Man, I’m excited about the books I’ve been getting to review recently. Before receiving David Wishart’s new novel Solid Citizens, I’d already read Ovid, Germanicus, and Sejanus, also Roman mysteries by the same author. I discovered that Solid Citizens is actually the fifteenth Marcus Corvinus mystery.
Marcus and Perillia, now middle aged, are visiting the home of their adopted daughter and son-in-law, when — of course — there’s a brutal murder in the countryside town. As this is the fifteenth time that Corvinus and a corpse have been in the same place at the same time, Perillia responds with a somewhat exasperated Again, dear? Must we? but their daughter jumps into the investigation excitedly. She might not be Corvinus’ biological daughter, but she’s definitely his successor, munching on huge meals while discussing bodies. (Don’t worry, Perillia always comes around.)
Germanicus has a much more epic scale, weaving the mystery around the mysterious deaths of the Julio-Claudians, and featuring prominent historical figures. In Solid Citizens, though, Corvinus is having a Winter Festival holiday in a quiet town when the mystery unfolds. City reputations are at state, and not the fate of the entire Roman empire (and therefore much of Western civilization), but a mild and middle-aged Corvinus still gets up to his old tricks, harassing the local bigwigs and snooping around.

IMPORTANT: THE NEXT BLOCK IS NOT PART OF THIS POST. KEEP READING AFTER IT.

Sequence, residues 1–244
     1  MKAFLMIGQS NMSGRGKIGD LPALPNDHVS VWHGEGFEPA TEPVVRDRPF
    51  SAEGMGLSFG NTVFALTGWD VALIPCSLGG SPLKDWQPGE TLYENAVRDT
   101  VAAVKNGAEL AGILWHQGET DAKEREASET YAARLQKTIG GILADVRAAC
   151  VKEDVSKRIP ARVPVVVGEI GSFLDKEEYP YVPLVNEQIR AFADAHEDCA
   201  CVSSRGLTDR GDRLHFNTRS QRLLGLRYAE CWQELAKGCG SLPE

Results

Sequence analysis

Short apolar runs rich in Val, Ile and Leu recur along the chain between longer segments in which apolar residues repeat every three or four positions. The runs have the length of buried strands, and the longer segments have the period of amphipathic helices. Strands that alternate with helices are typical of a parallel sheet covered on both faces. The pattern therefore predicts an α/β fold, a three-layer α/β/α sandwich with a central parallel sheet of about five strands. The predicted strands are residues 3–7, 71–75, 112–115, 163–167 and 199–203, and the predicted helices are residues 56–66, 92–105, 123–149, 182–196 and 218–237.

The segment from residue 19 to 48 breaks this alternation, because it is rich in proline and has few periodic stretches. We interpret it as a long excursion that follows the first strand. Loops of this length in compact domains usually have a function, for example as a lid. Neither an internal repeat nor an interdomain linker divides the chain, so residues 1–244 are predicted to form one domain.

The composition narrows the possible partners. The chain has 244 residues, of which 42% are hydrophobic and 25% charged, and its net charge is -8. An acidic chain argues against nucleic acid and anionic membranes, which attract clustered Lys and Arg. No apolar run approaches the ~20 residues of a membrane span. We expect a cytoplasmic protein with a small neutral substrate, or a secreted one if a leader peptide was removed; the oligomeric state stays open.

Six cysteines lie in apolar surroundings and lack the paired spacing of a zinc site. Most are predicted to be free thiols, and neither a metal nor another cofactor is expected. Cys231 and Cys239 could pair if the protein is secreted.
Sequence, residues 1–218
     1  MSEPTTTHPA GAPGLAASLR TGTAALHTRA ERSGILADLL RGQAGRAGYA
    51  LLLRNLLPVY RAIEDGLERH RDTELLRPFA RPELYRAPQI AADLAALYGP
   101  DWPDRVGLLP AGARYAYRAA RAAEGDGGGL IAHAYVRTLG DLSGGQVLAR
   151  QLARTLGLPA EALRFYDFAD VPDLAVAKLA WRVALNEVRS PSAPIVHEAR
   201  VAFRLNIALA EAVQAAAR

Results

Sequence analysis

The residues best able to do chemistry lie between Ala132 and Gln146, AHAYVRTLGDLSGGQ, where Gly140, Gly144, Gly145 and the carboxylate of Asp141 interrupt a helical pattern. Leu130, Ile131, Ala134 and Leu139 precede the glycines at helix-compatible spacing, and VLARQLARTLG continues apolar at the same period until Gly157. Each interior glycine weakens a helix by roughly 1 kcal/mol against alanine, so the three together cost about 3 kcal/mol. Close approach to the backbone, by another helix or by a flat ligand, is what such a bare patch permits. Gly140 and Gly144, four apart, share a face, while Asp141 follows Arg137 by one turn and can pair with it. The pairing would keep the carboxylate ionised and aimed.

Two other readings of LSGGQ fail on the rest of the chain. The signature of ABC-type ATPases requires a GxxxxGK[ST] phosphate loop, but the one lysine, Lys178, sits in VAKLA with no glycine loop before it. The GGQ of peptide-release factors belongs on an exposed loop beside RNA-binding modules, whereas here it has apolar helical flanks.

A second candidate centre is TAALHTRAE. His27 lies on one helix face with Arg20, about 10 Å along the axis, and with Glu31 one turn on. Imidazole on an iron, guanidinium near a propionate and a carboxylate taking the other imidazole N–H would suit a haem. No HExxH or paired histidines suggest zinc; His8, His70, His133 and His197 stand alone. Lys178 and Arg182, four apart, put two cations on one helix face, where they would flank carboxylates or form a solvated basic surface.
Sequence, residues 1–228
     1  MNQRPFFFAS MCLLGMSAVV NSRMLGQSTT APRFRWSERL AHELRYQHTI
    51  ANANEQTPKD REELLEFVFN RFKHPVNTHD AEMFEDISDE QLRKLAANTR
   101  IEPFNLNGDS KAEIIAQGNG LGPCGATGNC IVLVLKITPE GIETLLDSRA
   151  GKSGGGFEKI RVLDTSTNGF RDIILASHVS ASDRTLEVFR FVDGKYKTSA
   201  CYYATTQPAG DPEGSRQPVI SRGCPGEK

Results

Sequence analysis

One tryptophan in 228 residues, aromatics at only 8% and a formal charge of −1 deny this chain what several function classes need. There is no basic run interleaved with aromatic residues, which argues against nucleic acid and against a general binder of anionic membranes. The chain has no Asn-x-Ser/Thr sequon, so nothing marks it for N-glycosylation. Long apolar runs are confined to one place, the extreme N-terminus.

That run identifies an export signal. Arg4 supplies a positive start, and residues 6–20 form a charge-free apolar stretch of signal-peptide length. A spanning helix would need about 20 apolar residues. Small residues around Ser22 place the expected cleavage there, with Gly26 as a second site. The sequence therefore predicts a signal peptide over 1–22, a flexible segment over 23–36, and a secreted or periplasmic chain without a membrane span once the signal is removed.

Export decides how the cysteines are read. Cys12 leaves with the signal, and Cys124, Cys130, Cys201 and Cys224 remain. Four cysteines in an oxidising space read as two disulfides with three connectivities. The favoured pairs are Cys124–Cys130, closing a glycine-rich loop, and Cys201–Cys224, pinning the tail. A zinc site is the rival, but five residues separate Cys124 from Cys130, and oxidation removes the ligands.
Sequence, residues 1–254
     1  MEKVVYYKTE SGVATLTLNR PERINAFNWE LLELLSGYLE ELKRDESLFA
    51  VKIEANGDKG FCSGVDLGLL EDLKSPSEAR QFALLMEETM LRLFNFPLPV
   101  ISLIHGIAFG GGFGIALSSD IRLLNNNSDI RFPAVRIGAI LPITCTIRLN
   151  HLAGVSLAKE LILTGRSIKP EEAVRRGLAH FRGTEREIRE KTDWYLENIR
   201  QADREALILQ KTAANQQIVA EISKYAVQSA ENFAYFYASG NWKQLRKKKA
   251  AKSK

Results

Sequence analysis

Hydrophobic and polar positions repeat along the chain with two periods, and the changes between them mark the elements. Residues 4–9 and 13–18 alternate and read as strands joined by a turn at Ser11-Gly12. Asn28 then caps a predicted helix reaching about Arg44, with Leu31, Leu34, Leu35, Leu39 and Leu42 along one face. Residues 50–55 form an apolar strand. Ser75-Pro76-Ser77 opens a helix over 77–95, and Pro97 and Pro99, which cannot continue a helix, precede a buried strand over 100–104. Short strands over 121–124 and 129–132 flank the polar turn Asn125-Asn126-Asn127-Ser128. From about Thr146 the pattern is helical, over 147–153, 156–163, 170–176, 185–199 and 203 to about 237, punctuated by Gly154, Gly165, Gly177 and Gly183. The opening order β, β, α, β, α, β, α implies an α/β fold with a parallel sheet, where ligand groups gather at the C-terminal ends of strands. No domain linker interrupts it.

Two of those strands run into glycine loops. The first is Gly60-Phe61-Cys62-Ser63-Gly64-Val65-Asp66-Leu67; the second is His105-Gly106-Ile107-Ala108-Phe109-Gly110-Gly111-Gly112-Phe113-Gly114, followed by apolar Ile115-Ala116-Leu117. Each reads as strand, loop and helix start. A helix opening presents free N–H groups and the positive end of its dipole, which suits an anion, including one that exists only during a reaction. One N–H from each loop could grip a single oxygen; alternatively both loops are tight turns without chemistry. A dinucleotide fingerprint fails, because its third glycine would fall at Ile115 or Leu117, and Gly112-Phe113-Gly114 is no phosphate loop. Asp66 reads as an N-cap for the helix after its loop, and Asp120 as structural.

Many delightful historical novels are ruined by a too-modern protagonist. It’s hard for me to get past a character who’s well-read and well-bathed and socially conscious in ways that make no sense for the time and place.
But Marcus Corvinus is a Roman. He munches Roman meals, even if dormice and garum might not be appealing to modern readers. He snarks about political machinations, accepting a certain level of corruption and bribery, but too much smacks of an unseemly greed. He accepts slaves as his due, as well. Meton, the Corvinus household’s temperamental chef, has been left behind in Rome, but Bathyllus, the proper butler, has accompanied the household to make sure standards don’t fall, even on holiday.
The mystery unfolds as Corvinus starts nosing around, turning up secrets in an upstanding prominent family, and — as usually happens whenever Corvinus pries — turning up several extra scandals as well. Another wonderful Roman adventure from David Wishart, and good motivation for me to hunt down the remaining Marcus Corvinus mysteries.
This review is based upon an ARC. Thanks! Opinions are my own, of course, and a free book has never stopped me from snarking about awful prose before.